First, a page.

The private languages of Lego

I recall having a strong sense of Lego nomenclature as well, though I’m hazy on the details. I should go out to the storage bins in the garage to root around and see if the touch of plastic can retrieve any specific terms. Meanwhile, Language Log’s Geoff Pullum sums up this delightful article well: “It’s about the deep-seatedness of children’s need to have names for all the things they deal with — and the lack of any necessity for there to be pre-existing names in the language they happen to have learned.”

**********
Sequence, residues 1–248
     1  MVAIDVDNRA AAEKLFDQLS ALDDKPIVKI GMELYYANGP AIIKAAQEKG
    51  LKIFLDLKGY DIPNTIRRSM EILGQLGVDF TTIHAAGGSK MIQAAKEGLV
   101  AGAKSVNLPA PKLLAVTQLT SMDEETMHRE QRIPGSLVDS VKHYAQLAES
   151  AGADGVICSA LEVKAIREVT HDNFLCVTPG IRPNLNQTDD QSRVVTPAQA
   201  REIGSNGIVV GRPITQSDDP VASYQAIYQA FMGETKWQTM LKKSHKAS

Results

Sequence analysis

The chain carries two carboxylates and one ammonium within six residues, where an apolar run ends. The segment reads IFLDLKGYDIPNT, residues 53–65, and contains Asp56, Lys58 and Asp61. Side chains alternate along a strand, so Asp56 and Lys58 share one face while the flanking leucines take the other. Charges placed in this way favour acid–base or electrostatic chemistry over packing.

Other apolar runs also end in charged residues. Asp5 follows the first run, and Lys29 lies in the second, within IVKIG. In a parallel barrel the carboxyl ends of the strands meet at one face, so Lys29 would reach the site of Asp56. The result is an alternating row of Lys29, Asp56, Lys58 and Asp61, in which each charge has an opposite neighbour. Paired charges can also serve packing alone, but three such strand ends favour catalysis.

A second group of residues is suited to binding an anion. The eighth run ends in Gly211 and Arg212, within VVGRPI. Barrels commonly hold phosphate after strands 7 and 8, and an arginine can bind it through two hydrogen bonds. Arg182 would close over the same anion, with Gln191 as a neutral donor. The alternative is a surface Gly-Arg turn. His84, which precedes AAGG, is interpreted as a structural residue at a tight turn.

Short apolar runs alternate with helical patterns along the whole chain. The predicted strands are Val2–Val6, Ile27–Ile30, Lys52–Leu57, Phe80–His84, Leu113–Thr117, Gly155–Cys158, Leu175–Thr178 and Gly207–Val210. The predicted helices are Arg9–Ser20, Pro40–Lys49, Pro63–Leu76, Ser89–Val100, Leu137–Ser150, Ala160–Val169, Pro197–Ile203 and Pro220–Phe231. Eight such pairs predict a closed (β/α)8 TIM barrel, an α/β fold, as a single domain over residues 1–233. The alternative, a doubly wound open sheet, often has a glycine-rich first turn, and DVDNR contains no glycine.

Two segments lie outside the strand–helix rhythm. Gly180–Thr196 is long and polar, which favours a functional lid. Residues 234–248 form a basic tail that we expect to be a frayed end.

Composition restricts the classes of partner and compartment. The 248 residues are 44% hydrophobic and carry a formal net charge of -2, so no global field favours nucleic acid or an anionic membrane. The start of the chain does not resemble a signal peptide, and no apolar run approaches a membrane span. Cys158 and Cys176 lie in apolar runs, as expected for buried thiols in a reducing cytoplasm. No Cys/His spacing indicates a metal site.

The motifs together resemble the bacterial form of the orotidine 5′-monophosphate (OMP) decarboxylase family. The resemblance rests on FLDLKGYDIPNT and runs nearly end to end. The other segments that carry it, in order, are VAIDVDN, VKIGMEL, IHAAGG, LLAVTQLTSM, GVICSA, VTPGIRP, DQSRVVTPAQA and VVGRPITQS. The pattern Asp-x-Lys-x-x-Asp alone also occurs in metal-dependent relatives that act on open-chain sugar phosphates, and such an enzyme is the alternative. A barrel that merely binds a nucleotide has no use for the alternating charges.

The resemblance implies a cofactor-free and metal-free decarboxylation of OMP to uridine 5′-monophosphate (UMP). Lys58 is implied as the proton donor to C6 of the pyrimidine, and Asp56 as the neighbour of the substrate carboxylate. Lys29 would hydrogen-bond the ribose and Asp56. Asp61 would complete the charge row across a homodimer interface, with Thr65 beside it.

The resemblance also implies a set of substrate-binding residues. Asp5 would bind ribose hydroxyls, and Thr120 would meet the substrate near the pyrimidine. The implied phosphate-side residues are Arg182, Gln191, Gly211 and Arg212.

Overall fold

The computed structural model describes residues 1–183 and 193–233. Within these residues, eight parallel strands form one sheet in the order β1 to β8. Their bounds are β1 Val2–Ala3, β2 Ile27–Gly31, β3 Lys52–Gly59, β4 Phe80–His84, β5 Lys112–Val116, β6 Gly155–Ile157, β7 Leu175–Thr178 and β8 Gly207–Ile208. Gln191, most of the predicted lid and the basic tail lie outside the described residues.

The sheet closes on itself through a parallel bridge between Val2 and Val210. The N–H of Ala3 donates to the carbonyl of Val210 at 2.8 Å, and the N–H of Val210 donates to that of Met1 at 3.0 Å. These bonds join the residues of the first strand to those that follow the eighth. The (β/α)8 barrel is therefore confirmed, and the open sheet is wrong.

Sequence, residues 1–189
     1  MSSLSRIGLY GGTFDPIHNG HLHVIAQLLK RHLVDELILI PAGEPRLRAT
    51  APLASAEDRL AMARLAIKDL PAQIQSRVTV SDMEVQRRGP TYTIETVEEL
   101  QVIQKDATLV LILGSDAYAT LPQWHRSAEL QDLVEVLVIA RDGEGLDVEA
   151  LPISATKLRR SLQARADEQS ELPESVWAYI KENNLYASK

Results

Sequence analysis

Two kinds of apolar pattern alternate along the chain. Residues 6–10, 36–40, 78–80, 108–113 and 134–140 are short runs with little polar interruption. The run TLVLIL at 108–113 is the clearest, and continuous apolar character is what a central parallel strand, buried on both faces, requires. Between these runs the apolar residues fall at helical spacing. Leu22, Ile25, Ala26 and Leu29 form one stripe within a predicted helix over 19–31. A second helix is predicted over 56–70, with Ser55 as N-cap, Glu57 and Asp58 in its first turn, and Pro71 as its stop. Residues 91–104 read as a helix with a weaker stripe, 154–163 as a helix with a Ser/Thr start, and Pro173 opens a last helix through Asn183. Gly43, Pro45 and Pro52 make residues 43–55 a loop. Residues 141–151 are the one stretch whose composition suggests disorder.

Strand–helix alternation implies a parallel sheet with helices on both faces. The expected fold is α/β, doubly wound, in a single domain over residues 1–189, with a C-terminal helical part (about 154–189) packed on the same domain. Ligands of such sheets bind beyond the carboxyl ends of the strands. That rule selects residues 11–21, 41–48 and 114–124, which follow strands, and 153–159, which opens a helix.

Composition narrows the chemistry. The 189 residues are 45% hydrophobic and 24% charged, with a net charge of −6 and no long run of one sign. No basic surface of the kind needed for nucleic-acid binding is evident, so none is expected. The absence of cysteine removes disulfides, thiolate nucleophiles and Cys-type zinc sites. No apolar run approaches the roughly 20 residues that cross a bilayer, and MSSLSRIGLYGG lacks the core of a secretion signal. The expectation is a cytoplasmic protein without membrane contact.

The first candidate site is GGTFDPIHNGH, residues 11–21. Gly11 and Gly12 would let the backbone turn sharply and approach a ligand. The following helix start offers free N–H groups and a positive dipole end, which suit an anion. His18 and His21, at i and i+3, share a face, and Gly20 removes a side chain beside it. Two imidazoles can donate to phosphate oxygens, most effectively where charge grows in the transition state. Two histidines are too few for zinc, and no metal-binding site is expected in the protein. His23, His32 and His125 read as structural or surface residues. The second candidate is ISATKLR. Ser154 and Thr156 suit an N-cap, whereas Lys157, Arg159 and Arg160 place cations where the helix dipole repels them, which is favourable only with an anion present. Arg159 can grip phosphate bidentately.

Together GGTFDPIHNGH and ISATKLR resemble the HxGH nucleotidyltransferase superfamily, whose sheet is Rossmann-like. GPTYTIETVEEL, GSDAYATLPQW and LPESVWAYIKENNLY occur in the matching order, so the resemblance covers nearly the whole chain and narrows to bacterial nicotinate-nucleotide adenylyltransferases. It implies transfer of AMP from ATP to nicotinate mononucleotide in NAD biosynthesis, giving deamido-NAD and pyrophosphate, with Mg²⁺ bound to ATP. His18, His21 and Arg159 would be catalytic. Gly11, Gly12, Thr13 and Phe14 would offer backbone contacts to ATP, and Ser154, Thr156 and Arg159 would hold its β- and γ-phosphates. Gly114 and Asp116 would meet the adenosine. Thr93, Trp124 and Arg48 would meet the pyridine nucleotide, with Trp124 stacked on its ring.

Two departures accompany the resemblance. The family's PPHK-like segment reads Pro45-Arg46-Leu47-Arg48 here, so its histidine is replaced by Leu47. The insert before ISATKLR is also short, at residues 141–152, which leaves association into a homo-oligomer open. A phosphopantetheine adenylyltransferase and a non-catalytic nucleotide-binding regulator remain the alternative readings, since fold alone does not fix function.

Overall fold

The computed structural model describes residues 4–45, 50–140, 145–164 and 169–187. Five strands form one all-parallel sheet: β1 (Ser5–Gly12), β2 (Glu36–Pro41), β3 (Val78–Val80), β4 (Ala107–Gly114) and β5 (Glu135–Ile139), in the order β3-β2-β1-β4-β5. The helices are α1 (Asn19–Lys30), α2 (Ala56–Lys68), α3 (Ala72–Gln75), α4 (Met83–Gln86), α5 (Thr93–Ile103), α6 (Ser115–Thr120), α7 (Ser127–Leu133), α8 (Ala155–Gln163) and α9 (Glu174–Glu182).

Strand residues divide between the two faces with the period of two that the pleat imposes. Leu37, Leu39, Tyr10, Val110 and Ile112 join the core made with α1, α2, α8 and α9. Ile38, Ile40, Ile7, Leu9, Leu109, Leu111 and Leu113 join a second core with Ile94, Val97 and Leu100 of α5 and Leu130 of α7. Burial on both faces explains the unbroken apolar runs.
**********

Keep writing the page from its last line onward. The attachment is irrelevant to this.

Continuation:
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Then, when another seven-year-old came round for tea after school one day, I overheard the two of them, busy in the spaceship construction yard that used to be our living room, get into a linguistic thicket.

“Can you see any clippy bits?” my son asked his friend. The friend was flummoxed. “Do you mean handy bits?” he asked, pointing.

“Yes,” replied my boy. “Clippy bits.”

Of course! This language of Lego isn’t just something our family has invented; every Lego-building family must have its own vocabulary. And the words they use (mostly invented by the children, not the adults) are likely to be different every time. But how different? And what sort of words?


from “A Common Nomenclature for Lego Families,” by Giles Turnbull, The Morning News, 4 November 2009 :: via languagehat.com

Originally published at culture-making.com.

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